|Tailgate handle flushes nicely into the right taillight assembly. Neat.|
If the EcoSport’s exterior reveals little of its Fiesta underpinnings, the interior all but confirms it as we step in to be greeted by a very familiar looking dashboard fascia. Whilst not strictly identical, the resemblance is close enough that a close inspection is needed to differentiate between the two. Being the later model, it is unsurprising that the EcoSport feels the better-resolved cabin, if only slightly so.
It’s generally a well-packaged if less than spacious cabin, with fit and finish that comfortably tops class norms and storage spaces for small items are in abundance. The front door pockets are particularly notable for being deep enough to swallow a whole 1.5-litre bottle, and the two level glovebox is ventilated by the air conditioning system to keep drinks cool. The centre console was also well bored-out with usefully-shaped cup holders and cubby holes.
|Small item storage on centre console is decent.|
A rather noteworthy feature is the placement of a rear 12V socket on a recessed tray besides the right passenger, which has the benefit of allowing your mobile device to be tucked away while charged, although in our rain-heavy climate, it is a valid question whether the socket is adequately water-proofed, or at least water tight with its cover closed.
Cargo room measures at 362 litres, a figure which grows to 705 litres with the 60:40 rear seats tumbled down to give you a flattish floor that indents towards the middle of the vehicle. Not perfect, but more than adequate for, say, a washing machine or shoe cupboard. Biggest bugbear of the interior relates to its Fiesta-derived control layouts, which look aesthetically attractive, but far from intuitive to use, especially the crowded audio buttons area.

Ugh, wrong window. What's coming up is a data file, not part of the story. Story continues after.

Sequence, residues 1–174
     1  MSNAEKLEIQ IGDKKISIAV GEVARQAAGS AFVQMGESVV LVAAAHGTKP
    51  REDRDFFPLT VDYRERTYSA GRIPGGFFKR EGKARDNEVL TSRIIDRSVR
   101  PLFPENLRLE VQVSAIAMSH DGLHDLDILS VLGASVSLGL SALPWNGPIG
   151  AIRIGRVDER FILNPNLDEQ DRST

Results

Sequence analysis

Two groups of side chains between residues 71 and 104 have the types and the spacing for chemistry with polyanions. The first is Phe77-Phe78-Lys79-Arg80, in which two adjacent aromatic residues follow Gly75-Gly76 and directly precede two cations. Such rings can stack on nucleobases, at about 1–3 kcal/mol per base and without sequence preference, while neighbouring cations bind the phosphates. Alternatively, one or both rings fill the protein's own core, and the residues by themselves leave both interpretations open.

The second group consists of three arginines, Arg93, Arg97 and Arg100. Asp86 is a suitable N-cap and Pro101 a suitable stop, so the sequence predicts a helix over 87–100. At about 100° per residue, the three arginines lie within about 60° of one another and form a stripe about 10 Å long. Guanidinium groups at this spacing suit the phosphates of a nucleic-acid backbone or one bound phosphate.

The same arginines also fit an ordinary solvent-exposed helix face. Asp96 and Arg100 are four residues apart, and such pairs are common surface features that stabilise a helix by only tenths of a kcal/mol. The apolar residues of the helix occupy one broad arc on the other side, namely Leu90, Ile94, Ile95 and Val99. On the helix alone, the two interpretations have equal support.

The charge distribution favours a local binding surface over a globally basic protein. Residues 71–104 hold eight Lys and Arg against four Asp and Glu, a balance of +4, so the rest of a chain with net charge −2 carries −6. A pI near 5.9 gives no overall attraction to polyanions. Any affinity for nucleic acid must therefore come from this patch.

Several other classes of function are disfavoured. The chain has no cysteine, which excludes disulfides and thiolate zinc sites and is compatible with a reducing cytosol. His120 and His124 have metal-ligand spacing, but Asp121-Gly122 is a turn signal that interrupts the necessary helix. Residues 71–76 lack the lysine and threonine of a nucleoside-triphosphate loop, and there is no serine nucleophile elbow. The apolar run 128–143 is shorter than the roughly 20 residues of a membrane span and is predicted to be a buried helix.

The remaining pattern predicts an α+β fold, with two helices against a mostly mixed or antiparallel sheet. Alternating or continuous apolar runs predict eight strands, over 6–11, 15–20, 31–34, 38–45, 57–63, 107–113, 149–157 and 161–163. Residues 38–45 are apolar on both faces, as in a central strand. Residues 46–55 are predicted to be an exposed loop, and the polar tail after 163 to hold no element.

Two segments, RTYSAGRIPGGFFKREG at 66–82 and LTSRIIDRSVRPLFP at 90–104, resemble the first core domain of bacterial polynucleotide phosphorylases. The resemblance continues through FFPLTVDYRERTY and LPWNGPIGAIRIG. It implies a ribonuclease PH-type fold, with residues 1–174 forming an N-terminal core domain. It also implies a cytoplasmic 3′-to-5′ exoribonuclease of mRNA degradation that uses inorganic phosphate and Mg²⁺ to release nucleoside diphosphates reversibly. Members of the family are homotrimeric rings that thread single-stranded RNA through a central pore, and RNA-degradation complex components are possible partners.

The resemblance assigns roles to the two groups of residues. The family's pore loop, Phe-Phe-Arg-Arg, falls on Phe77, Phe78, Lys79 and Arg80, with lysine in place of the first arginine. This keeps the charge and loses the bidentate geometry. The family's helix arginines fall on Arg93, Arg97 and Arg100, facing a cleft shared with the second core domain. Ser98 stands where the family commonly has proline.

|Tailgate swings sideways, opens to 705 litres of luggage space if seats folded down.|
There isn’t a Ford we’ve tested in recent history that managed to disappoint us in the area of dynamics, and the EcoSport is no different, even if it falls slightly short of the exceptionally high standards we’ve come to expect from the Blue Oval. For all the inherent excellence of the Fiesta chassis, and plenty of its latent talent remain, make no mistake, the EcoSport occupies roughly the same footprint but with a higher centre of gravity – something had to give.
If Ford’s dynamic brief was to retain the Fiesta’s handling verve and agility in the EcoSport, they have largely succeeded, albeit with the caveat of a surprisingly firm ride. Whilst notably competent over road patchings and gravel, sharper disturbances such as potholes have the unfortunate habit of creating more profound effects in the cabin. As such, the EcoSport lacks the added degree of sophistication and finesse that we’ve come to expect of Ford vehicles even though the overall setup admittedly decent and unlikely to be surpassed by many in the segment.
The engine’s modest outputs meant blistering performance was never on the cards, but its willingness to rev is a redeeming quality. Overall refinement of the all-aluminium powertrain is satisfactory and shifts of the 6-speed dry dual clutch transmission smooth. Just don’t expect turbocharged progress when you bury the throttle. Noise levels are kept pleasingly low at high speeds, with wind and tyre roar both expertly isolated.
|Tailgate-mounted spare tyre is reminiscent of old-school SUVs.|
The EcoSport may not have dazzled us dynamically like its stablemates, but its potential impact to the market cannot be underestimated. It blends just enough of the Fiesta’s driving fun with its own blend of style, practicality, refinement, and the comfort of a raised driving position preferred by urban Malaysian drivers.
An estimated pricing of RM95k – RM103k was announced at the last KL Motor Show, making the EcoSport a highly affordable and attractive purchase for many buyers. Those limited by a sub-RM100k budget now have a SUV to consider again, even if it isn’t one geared for off-roading. Ford set out to build the EcoSport as an urban warrior and they came up with a damned good one.